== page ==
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Scientific article
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Role of matrix metalloproteinases in animal models of ischemic stroke

Published inCurrent vascular pharmacology, vol. 13, no. 2, p. 161-166
Publication date2015
Abstract

Matrix metalloproteinases (MMP) comprise a family of at least 25 zinc-dependent endopeptidases that play a pivotal role in the physiopathology of the mammalian central nervous system. In the first phases after stroke, the dysregulation of MMPs has been described to increase acute neurovascular disruption and cerebral injury. In particular, MMP-mediated alterations lead to blood-brain barrier (BBB) leakage, cerebral edema, hemorrhage, leukocyte infiltration and progressive inflammatory reactions underlying brain tissue loss. In addition, MMPs have been also shown to play critical activities during the repair phases of cerebral ischemia, particularly during angiogenesis and reestablishment of cerebral blood flow. The aim of this narrative review is to elucidate the mechanisms by which MMPs may provide detrimental and/or beneficial effects during the post-stroke injury and repair phases in animal models.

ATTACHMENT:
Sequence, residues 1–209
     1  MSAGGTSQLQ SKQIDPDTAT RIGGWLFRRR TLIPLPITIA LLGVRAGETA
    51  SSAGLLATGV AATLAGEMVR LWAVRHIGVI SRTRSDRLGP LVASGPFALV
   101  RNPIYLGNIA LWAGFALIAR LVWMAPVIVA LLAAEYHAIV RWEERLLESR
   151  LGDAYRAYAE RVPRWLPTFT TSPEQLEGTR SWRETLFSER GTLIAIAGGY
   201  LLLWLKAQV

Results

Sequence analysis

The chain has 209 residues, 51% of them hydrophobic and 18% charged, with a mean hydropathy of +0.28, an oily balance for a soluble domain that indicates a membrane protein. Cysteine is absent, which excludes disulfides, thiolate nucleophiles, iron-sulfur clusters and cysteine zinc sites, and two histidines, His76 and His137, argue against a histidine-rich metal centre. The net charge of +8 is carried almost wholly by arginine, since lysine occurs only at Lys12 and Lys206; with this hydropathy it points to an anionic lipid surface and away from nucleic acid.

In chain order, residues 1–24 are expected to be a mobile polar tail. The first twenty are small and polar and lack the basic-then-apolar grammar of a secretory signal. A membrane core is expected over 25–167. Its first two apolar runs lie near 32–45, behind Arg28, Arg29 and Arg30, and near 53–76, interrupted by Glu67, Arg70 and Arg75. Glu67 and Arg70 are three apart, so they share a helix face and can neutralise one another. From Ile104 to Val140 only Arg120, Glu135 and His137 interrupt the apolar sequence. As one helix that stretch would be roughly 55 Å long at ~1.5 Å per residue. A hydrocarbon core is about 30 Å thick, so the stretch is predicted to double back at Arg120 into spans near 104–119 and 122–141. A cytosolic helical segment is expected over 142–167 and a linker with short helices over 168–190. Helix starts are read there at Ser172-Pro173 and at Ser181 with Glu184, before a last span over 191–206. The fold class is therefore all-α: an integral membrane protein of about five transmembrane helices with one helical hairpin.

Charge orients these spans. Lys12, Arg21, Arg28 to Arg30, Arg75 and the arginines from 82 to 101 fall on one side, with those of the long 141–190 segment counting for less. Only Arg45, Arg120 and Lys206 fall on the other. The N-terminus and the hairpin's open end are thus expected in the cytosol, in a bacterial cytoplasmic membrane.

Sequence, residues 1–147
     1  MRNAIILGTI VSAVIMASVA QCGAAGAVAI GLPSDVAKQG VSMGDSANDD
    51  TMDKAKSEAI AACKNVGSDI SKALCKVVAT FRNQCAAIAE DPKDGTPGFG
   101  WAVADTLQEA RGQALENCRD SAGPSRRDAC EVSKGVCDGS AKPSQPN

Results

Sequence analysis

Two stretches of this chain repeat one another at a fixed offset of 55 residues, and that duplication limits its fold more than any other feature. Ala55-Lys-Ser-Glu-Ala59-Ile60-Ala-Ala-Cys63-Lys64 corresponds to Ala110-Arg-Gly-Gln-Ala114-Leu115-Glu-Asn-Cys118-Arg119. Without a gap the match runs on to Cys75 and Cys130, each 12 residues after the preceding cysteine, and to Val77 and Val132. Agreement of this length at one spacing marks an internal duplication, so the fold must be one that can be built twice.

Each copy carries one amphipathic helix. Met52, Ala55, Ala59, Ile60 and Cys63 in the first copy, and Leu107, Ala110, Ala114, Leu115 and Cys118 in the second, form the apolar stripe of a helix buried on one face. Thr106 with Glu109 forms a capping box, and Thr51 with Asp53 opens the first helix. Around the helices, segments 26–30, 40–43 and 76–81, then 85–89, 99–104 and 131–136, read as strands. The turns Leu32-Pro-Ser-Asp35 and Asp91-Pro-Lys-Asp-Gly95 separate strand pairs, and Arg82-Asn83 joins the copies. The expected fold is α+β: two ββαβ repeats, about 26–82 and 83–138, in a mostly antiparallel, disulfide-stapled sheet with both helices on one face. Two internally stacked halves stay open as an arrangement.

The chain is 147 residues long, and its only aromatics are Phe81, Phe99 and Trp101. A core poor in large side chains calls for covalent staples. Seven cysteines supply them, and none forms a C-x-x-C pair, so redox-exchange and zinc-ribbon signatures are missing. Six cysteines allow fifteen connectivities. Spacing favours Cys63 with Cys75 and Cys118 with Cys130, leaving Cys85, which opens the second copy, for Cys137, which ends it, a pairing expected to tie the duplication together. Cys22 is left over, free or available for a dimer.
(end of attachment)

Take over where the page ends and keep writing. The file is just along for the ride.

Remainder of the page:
Citation (ISO format)
LENGLET, Sébastien, MONTECUCCO, Fabrizio, MACH, François. Role of matrix metalloproteinases in animal models of ischemic stroke. In: Current vascular pharmacology, 2015, vol. 13, n° 2, p. 161–166. doi: 10.2174/15701611113116660161
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ISSN of the journal1570-1611
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Creation11/24/2015 12:13:00 PM
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